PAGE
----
Location: Miami, FL
Client: The Related Group
Architect: Cohen, Freedman, Encinosa
Photo Credit: Cohen, Freedman, Encinosa
The sophisticated innovations are often brought about by combining existing and uncomplicated techniques to achieve a genuinely elegant solution.
After successfully completing the Loft 1 building, the owners were ready to begin developing two additional properties that were bisected by the Miami Metromover, an elevated downtown transportation system. It was evident to our engineering team that the slenderness of two independent towers that would need to resist strong hurricane winds would substantially limit the height that each building could reach. In addition, the required setbacks would result in the loss of valuable usable area therefore reducing the amount of saleable units. They suggested building a single, much larger building by creating a structure that would bridge over the 70 foot wide space occupied by the Metromover.
The developers were concerned that a “transfer beam system” required to support such a structure would not only be extremely expensive but very difficult to erect over the track lines. This was, after all, an “affordable” apartment building with budgetary constraints.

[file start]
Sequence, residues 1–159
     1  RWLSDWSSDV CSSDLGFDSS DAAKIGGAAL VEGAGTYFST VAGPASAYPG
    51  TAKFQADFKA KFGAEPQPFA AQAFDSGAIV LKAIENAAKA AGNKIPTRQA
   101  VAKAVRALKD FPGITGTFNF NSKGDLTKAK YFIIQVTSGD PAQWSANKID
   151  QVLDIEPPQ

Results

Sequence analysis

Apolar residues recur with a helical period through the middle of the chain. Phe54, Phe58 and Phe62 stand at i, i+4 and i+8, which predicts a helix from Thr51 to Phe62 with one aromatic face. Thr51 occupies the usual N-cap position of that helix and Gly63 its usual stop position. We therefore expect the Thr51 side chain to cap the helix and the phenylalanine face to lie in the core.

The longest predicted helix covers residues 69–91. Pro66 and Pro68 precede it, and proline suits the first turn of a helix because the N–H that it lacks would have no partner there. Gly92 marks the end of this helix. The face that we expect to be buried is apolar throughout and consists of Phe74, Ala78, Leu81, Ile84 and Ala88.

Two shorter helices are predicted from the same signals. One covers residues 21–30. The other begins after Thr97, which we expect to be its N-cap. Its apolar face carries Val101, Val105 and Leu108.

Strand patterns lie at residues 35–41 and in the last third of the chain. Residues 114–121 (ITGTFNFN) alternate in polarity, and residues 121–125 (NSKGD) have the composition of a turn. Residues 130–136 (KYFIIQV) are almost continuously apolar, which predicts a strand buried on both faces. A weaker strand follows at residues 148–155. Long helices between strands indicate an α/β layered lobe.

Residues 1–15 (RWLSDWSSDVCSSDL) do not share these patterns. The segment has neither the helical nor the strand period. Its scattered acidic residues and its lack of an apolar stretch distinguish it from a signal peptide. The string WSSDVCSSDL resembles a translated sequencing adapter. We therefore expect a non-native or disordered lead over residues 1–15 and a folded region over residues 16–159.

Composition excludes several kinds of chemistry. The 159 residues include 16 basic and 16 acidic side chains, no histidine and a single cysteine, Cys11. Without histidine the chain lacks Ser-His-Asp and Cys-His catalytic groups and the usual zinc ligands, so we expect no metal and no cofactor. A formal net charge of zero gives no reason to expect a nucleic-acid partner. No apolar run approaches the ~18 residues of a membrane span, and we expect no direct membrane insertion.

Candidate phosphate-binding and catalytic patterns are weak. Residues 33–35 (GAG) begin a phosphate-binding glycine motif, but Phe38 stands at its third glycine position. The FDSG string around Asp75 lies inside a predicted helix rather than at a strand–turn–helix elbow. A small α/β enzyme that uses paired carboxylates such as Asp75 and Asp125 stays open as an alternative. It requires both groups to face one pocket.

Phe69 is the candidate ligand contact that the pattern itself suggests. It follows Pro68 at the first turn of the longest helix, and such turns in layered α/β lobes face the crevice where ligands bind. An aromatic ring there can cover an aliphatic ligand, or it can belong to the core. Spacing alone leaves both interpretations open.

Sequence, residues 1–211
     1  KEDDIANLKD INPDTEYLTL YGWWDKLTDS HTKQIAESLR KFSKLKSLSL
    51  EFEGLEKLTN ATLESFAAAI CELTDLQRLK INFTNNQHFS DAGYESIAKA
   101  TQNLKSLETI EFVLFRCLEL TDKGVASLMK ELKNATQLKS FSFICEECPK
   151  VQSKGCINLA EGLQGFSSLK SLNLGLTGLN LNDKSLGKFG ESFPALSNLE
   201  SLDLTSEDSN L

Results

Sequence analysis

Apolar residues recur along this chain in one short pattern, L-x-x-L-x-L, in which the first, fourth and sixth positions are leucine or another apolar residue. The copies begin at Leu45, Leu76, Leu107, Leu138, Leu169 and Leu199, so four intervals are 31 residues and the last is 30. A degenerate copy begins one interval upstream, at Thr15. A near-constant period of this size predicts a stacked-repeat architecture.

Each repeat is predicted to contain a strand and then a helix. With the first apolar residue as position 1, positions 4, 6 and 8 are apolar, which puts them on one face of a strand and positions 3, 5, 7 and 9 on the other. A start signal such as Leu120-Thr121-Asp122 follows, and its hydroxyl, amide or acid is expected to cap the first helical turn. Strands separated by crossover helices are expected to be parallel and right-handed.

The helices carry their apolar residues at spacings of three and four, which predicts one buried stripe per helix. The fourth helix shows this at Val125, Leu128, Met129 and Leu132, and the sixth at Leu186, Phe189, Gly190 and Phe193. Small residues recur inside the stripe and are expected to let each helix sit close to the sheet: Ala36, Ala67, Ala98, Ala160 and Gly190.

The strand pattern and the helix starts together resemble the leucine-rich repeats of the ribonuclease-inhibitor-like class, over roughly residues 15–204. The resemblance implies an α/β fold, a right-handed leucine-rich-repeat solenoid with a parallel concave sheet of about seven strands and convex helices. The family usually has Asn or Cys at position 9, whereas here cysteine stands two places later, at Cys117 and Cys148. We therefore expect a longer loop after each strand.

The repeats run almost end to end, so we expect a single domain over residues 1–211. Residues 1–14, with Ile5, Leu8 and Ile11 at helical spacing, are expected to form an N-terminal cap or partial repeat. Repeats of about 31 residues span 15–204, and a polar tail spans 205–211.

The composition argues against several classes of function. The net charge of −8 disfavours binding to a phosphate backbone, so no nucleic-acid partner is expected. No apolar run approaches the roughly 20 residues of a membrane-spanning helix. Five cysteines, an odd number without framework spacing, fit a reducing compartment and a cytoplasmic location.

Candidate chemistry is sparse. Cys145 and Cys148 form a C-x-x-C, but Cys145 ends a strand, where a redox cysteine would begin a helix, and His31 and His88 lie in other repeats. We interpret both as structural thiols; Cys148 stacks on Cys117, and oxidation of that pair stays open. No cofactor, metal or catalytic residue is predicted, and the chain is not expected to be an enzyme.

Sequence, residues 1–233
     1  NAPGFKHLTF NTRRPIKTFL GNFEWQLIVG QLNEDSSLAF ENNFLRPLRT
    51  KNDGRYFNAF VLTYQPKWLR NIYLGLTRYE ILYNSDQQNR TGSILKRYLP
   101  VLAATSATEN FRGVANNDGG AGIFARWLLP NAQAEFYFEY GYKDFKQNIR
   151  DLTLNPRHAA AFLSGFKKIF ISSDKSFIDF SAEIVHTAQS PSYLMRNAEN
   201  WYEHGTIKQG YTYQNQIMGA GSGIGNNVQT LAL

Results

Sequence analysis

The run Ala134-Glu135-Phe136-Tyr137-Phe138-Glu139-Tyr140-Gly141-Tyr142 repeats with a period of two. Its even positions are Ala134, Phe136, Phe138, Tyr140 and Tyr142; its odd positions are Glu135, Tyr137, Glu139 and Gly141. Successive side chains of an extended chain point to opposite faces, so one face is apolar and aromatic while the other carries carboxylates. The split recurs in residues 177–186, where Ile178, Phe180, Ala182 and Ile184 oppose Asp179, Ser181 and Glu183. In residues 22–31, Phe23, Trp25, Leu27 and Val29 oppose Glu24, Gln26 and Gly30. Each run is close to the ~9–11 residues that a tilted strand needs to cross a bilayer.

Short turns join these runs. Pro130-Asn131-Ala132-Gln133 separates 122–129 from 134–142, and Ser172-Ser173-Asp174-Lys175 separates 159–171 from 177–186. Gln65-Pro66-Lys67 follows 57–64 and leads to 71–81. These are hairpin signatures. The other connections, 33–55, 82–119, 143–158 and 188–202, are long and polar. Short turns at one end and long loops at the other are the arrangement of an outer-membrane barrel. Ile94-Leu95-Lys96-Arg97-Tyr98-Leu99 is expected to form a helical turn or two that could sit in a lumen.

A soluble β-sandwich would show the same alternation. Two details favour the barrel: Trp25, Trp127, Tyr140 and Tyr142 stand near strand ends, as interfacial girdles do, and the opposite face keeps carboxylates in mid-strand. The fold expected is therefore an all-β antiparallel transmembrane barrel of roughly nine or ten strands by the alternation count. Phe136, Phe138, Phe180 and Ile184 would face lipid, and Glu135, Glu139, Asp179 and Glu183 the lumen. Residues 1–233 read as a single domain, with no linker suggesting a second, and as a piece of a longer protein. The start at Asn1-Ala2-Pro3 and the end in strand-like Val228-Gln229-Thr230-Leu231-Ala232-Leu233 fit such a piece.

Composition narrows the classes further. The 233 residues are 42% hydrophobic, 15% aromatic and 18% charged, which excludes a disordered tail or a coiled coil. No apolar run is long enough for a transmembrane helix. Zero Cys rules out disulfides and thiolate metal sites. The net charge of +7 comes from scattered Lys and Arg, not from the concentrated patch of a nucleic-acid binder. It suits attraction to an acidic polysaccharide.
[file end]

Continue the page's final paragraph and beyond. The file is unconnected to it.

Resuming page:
We explained that a transfer beam system was unnecessary and that our solution would be uncomplicated as well as economical. We designed a work platform that would protect the Metromover while at the same time allowing for a largely conventional erection of the structure.
Our firm was able to substantiate the feasibility of such a system by presenting a solution based on the use of a combination of sloping columns at the façades and two pseudo-vier end eel truss elements bordering the interior hallways of the first two floors of apartments. A prestressed, precast platform spanning the Metromover would make this construction possible.
This straightforward solution to a difficult challenge delivered a structure equal in cost to that of a structure that would have been conventionally erected on an unobstructed site. More significantly, the solution allowed for a taller 35-story building to be erected with a much larger inventory of saleable units.